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resources than we have. We also compete with a number of specialty pet supply stores and independent pet stores, veterinarians, catalog retailers and e-commerce retailers. The pet products and services retail industry has become increasingly competitive due to the expansion of pet-related product offerings by certain supermarkets, warehouse clubs and other mass and retail merchandisers and the entrance of other specialty retailers into the pet food and pet supply market, some of which have developed store formats similar to ours. We can make no assurances we will not face greater competition from these or other retailers in the future. In particular, if supermarket, warehouse club or other mass and retail merchandiser competitors seek to gain or retain market share by reducing prices, we would likely reduce our prices on similar product offerings in order to remain competitive, which may result in a decrease in our market share, sales, operating results and profitability and require a change in our operating strategies.
 
 
We can make no assurances that our stores will meet forecasted levels of sales and profitability. As a result of new store openings in existing markets, and because older stores will represent an increasing proportion of our store base over time, our comparable store sales performance may be severely impacted in future periods. In addition, a portion of a typical new store’s sales comes from customers who previously shopped at other PetSmart stores in the existing market.
 
We may be unable to continue to open new stores and enter new markets successfully. If we are unable to successfully reformat existing stores and open new stores, our results of operations could be harmed. Also, store development may place increasing demands on management and operating systems and may erode sales at existing stores.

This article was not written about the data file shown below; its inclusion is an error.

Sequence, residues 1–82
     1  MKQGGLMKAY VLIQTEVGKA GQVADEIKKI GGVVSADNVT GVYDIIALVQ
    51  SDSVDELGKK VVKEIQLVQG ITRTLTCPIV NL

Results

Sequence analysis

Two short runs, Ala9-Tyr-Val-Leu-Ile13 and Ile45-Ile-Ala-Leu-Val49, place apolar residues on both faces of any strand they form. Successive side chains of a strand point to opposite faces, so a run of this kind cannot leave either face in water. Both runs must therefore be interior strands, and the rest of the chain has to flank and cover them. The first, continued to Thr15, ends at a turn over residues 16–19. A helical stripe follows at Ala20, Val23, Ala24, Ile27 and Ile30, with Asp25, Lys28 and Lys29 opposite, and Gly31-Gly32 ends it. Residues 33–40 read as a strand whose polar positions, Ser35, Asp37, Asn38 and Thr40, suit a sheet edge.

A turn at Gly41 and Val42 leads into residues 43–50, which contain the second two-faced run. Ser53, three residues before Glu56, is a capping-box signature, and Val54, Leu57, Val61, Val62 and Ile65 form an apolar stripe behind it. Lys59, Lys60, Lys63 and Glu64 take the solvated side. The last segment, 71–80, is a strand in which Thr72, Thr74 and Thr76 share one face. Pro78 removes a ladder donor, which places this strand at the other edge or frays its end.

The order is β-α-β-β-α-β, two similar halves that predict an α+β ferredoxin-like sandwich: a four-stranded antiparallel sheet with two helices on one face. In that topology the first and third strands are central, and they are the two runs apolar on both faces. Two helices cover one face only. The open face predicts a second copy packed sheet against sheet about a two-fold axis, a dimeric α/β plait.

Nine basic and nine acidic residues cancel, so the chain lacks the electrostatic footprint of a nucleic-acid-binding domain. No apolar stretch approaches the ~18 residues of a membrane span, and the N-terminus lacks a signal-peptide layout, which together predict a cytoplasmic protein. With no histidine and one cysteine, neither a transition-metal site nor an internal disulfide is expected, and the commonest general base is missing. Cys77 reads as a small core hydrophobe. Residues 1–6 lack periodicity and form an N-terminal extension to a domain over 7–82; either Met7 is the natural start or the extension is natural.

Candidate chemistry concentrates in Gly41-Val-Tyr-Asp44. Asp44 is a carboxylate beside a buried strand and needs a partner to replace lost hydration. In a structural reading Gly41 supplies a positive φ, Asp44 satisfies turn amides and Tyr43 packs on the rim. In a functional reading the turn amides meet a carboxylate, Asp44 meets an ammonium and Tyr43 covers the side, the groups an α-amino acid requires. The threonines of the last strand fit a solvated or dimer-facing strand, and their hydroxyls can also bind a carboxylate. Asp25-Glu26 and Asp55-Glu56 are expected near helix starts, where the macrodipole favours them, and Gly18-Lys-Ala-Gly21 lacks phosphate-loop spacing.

We currently operate stores in most of the major market areas of the United States and Canada. Our ability to be successful with our store development efforts is dependent on various factors, some of which are outside of our control, including:
 
  •  Identifying store sites that offer attractive returns on our investment including the impact of cannibalization of our existing stores;
 
  •  Competition for those sites;
 
  •  Successfully negotiating with landlords and obtaining any necessary governmental, regulatory or private approvals;
 
  •  Timely construction of stores; and
 
  •  Our ability to attract and retain qualified store personnel.
 
To the extent we are unable to accomplish any of the above, our ability to open new stores and hotels may be harmed and our future sales and profits may be adversely affected. In addition, we can make no assurances that we will be able to meet the forecasted level of sales or operate our new stores or hotels profitably.